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Guide to Time Signatures in Music: 7 Common Meter Signatures

Written by MasterClass

Last updated: Jun 17, 2020 • 3 min read

When it comes to reading music, understanding time signatures is essential to understanding musical notation and the rhythm of a piece of sheet music.



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What Are Time Signatures in Music?

Time signatures, or meter signatures, indicate how many beats are in each measure of a piece of music, as well as which note value is counted as a beat. Time signatures are located at the beginning of the staff (a set of five lines used to dictate each note’s pitch), after the clef and key signature.

What Are Note Values in Music?

A note’s value is its duration. Musical notes vary in duration, and when they’re written on sheet music, notes of different lengths are depicted in different ways. Most Western sheet music gets divided into measures, and the most common of these is a measure containing four beats.

  • A whole note is a single note that covers the entirety of a 4-beat measure
  • A half note is a single note that covers half of a 4-beat measure
  • A quarter note is a single note that covers one-quarter of a 4-beat measure
  • An eighth note covers 1/8th of a 4-beat measure
  • A sixteenth note covers 1/16th of a 4-beat measure

Some music has even smaller subdivisions: 32nd notes, 64th notes, and even 128th notes can appear in written music as trills or other musical ornaments.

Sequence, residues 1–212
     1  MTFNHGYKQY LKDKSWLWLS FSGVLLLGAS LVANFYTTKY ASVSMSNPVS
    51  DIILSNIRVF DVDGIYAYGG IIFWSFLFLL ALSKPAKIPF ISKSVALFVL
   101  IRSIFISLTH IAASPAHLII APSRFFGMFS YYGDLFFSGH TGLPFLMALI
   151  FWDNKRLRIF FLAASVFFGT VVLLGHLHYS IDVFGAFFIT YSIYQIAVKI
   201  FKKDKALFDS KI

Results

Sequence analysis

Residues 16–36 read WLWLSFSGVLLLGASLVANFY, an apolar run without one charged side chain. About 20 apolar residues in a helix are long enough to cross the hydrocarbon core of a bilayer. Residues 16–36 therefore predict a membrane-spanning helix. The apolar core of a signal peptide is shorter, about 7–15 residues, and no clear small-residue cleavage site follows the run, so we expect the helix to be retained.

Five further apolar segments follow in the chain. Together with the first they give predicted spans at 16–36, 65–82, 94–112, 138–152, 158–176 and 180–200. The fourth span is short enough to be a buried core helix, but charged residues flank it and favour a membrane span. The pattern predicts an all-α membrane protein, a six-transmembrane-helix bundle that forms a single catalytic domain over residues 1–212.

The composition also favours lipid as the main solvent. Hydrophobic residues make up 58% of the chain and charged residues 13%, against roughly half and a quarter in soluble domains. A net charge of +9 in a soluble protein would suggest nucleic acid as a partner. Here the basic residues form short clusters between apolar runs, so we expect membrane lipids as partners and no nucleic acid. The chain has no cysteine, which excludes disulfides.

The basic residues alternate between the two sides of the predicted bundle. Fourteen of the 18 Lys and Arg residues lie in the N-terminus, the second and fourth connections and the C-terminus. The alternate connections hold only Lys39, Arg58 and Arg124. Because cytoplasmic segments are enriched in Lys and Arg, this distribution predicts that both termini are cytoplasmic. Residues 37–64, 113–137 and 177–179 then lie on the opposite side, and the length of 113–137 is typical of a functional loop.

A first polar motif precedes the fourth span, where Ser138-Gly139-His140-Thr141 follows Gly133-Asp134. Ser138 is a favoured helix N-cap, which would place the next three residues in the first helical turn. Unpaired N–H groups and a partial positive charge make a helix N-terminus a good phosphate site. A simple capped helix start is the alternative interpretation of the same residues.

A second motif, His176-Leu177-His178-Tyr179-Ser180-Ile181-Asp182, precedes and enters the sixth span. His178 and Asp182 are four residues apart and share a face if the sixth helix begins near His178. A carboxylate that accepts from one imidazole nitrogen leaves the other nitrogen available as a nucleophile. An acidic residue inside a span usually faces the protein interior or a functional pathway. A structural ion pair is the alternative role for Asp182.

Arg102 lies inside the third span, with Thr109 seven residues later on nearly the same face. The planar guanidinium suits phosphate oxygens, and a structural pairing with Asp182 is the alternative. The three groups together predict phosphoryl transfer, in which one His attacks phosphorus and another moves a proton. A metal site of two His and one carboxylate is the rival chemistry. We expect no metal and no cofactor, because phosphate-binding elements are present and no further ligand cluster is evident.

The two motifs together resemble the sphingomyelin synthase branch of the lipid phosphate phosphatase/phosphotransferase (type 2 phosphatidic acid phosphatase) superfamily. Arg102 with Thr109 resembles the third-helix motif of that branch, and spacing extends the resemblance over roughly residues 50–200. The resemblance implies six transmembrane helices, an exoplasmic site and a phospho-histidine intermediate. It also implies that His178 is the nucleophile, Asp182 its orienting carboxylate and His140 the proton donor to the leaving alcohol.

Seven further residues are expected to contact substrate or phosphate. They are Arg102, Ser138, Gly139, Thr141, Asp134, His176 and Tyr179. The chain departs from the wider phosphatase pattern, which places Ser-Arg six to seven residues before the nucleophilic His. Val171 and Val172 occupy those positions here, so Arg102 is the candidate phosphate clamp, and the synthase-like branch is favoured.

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How to Read 3 Types of Time Signatures

The time signature is typically represented by two stacked numbers (like a fraction). The top number is the number of beats in a measure and the bottom number is the note value that represents one beat. For example, a song written in 4/4 time will have four quarter-note beats per measure, whereas a song written in 9/8 time will have nine eighth-note beats per measure. There are three basic types of time signatures: simple, compound, and complex.

  1. Simple: The most common types of simple time signatures are 2/4, 3/4, 4/4, and 2/2. Sometimes the letter “C” (meaning common time) will be used in place of 4/4. Both C and 4/4 indicate that there are four quarter note beats in each measure. For 2/4 and 3/4, there are two and three quarter note beats per measure, respectively.
  2. Compound: Common compound time signatures include 9/4, 6/8, and 12/8. The beat of a piece of music with a compound time signature is broken into a three-part rhythm. In each of the cases above, quarter or eighth notes are combined in multiples of three.
  3. Complex: Complex time signatures are more common in music written after the nineteenth century. Complex time signatures don't follow typical duple or triple meters. Examples of complex time signatures include: 5/4, 11/4, and 7/8.


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7 Common Time Signatures

Though there are many time signatures that composers can use, below are the most common ones you'll see in Western music.

  1. 2/4: Two quarter-note beats per measure.
  2. 3/4: Three quarter-note beats per measure.
  3. 4/4: Four quarter-note beats per measure. Also known as common time and notated with a “C.”
  4. 2/2: Two half-note beats per measure. Also known as cut time is notated as a “C” with a vertical slash through it.
  5. 6/8: Six eighth-note beats per measure
  6. 9/8: Nine eighth-note beats per measure
  7. 12/8: Twelve eighth-note beats per measure

The first note of every bar or measure is called the downbeat. Every measure has strong and weak beats. In a time signature like 4/4, the first beat of every measure is the strongest beat, and the third beat is also a strong beat. Beats two and four are weak beats.

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